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This Continent’s Mining Industry Could Crumble This Week

The title may sound hyperbolic. But Africa is indeed on the verge of complete upheaval in its minerals sector over the coming several days.

For one reason: government.

Start in major mining center South Africa. Where an announcement is expected any day on a new “strategic minerals” law in the country.

The government here has been working for years on a new mining code. With the “strategic” designation being one of the most contentious points.

In short, regulators want to take greater control of sectors that are deemed to be in the public interest. Including possibly regulating sales, prices, and other aspects of mining for the nominated minerals. Related: Does This Discovery Show An Exploration Hotspot Rising?

There has been discussion that this could include coal–which meets 77% of South Africa’s primary energy demand. Iron ore, platinum, chromite and vanadium are other possibilities.

An announcement on exactly which minerals will be designated strategic was expected late last week–but has not yet emerged. Meaning we might see some clarity on this key issue in the days ahead.

Changes are also afoot to the north, in Democratic Republic of Congo–the world’s fifth-largest copper-producing nation. Where officials said last week they are submitting a new national mining code for ratification.

The DRC government has previously said it wants to increase taxes and royalties on copper miners. Officials had been consulting with the mining industry on the matter, but said last week they have “unilaterally” halted such discussions–and are now tabling the new mining code for approval.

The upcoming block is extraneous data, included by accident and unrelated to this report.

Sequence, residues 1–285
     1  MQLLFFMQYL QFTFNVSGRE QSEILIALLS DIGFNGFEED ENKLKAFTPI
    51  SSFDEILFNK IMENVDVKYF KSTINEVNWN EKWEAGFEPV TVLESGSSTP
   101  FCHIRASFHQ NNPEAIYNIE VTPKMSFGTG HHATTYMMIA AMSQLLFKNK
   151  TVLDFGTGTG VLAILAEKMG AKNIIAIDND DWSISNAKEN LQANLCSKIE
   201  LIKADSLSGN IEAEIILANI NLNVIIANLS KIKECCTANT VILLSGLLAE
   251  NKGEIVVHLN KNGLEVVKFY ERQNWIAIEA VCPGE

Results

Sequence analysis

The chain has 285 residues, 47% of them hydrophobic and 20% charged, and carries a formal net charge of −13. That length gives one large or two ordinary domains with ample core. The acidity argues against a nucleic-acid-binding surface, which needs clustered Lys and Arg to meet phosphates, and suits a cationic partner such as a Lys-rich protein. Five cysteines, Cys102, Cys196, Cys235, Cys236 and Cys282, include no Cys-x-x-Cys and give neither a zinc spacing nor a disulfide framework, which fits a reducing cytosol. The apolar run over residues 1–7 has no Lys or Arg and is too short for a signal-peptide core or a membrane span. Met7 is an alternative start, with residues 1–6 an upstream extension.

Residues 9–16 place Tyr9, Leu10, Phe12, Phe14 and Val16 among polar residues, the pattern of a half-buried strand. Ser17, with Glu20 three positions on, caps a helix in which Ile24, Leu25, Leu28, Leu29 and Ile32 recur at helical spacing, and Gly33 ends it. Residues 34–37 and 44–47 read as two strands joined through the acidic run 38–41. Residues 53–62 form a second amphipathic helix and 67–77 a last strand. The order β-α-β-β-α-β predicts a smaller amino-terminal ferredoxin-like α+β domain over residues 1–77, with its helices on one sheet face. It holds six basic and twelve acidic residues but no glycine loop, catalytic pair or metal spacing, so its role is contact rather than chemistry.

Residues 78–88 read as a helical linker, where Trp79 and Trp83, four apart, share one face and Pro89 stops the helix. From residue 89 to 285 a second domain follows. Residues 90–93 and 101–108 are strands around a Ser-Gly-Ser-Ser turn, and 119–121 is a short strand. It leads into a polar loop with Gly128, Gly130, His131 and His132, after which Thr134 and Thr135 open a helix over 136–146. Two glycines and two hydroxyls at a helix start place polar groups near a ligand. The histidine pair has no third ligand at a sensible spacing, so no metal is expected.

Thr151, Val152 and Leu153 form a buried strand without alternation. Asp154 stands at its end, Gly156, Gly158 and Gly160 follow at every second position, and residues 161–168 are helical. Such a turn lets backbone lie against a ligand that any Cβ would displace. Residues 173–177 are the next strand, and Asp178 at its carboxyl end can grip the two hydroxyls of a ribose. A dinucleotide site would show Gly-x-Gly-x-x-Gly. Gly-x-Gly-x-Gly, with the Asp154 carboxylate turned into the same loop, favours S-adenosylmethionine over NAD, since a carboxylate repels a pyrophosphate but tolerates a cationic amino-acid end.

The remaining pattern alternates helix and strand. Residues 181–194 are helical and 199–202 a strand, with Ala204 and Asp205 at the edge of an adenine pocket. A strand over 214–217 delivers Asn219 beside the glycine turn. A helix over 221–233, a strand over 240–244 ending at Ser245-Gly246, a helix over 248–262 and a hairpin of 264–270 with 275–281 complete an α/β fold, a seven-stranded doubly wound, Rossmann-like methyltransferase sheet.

Representatives of the country’s Chamber of Mines said that the royalty issue has not been solved. And cautioned that passing of the new law could be a “material threat to further investment.” Related: 839 New Mining Projects Are About To Launch Here

Finally, there’s Zimbabwe. Where platinum miners have reportedly been scrambling to get clarity on the government’s recently-imposed 15% export tax on the metal.

News last week suggests that the results of this new tax could be dire. With a memo leaked to Reuters from management of Zimbabwe’s largest platinum mine, Mimosa, suggesting that the operation “will be forced to go on closure” under the new tax regime.

All of which suggests we could see some game-changing developments very soon. Watch for a final decision from South Africa on strategic minerals, approval of the draft mining code in DRC and details on potentially increased royalties, and more developments from platinum miners in Zimbabwe.

Here’s to regulatory changes,

Dave Forest

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